Whenever the media loses control over a powerful term, be it “fake news” or “deep state,” they react with infantile rage, and immediately demand cessation of the term in its “unapproved” use.
As part of that process, they attempt to restrict its historical application to some definition that delimits its use against their ideological interest. Their attempt to rescript the meaning of words gives new meaning to Orwellian for the media’s would-be Ministry of Information.
Maybe CNN will set up a lexicon where we can go and see which words we are allowed to use to ascribe their own activities, much as Chris Cuomo insinuated it was illegal for anyone to look at Wikileaks information, except exclusively at CNN. What this all really covers up in this context is that the media has long been an enabler of the deep state against the democratic demands of the public. No, CNN, the idea of the deep state didn’t start in Turkey, and no, New York Times, pretending the deep state doesn’t exist doesn’t clothe the naked emperor.
The legal and historic idea of the deep state originated in America in a trilogy of studies by a trio of political scholars. The originalist behind the idea was German emigre Ernst Fraenkel who identified Nazi Germany’s path to dictatorship as rooted in the “dual state” where an anti-democratic “prerogative state” often controls much of a government’s policy without regard to, or respect of, legal and democratic constraints.
The idea gained currency in the scholastic community with a famous 1955 study of our State Department by Hans Morgenthau which concluded the American government increasingly and precariously employed a “dual state,” defined as a democratic state and a “security” state whose “hidden security hierarchy monitors and controls” the democratic part of the state for the institutional and ideological interests of “this parallel security” state. Both Eisenhower and Kennedy followed up on the concept in Eisenhower’s respective farewell address famously warning about the “military industrial complex” of our own government and Kennedy’s parallel speech to the American Newspaper Publishers Association ten days after the failed Bay of Pigs in ascribing the method of communist governments.
The idea expanded into the “deep state” in the broader journalistic community when Professor Peter Dale Scott in 1993 coined the term “deep politics” to explain aspects of American politics since the 1950’s. An American journalist then applied it to explain certain issues that arose in Turkey in 1996, but its ideological bonafides has been long applied to American politics and politics more generally around the globe.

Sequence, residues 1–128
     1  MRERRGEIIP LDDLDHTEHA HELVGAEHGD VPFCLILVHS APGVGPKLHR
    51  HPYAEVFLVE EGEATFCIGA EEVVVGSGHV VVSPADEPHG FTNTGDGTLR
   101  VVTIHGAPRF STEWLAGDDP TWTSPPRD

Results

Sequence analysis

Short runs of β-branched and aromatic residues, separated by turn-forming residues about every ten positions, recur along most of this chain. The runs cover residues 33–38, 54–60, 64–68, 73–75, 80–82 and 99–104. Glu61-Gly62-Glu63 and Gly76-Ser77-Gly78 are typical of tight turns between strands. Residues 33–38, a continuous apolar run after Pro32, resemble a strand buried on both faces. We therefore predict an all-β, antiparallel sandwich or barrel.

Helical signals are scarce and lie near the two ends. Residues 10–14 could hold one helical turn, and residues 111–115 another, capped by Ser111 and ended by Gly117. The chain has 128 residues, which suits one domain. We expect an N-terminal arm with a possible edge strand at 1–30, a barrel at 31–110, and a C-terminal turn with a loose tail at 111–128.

A long-time D.C. staffer applied it to our government again in a popular political text, The Deep State, for how the machinery of the bureaucracy is increasingly immune from the votes of the public in ascribing and prescribing the government’s actual policy toward its own citizenry and those abroad. The latter took root in certain conservative populist communities, with some overlap from Nader-ite leftists, though the en-bubbled media missed it all, apparently.
Instead, CNN, The New York Times, and The Economist would have us believe the “deep state” only refers to some odd, foreign country, like Turkey, and can never be honestly applied here. This is especially ironic for The Economist because it was one of their original editors in chief, Walter Bagehot, from the 1860’s who first circulated the idea of a “double government.”
As leftist reporter Glenn Greenwald has reported, and liberal newscaster Ed Schultz continues to emphasize, the establishment media’s over-use of anonymous sourcing allows deep state members to smear a disfavored political persona, like Trump or Michael Flynn (under constant assault in media reports long after he left the White House), and others. As both journalists warn, when the media “reflexively reveres, serves, believes, and sides with hidden intelligence officials,” it dis-serves its First Amendment role as a check on power and, instead, becomes an enabler of that anti-democratic power.
The rise of Wikileaks, and its increasing popularity across the left and right ends of the populist political spectrum, reflects an increasingly common view that the media is the corrupted power brokers, not a check on those corrupted power brokers. As Greenwald aptly summarizes: “cheering for the CIA and its shadowy allies to unilaterally subvert the U.S. election and impose its own policy dictates on the elected president is both warped and self-destructive.” Trump’s tweets last week directed attention to precisely that issue: illegal intercepts and illicit leaks of those intercepts should be the scandal, not incredulous reports of collusion unsupported by the legally innocent conversations found on those intercepts.